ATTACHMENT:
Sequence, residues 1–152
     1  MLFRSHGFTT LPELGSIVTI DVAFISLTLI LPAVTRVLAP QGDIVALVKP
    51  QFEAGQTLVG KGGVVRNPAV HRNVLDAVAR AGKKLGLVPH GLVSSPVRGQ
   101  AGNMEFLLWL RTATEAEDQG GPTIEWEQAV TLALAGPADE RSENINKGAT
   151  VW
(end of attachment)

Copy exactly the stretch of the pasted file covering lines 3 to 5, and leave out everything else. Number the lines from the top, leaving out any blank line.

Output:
    51  QFEAGQTLVG KGGVVRNPAV HRNVLDAVAR AGKKLGLVPH GLVSSPVRGQ
   101  AGNMEFLLWL RTATEAEDQG GPTIEWEQAV TLALAGPADE RSENINKGAT
   151  VW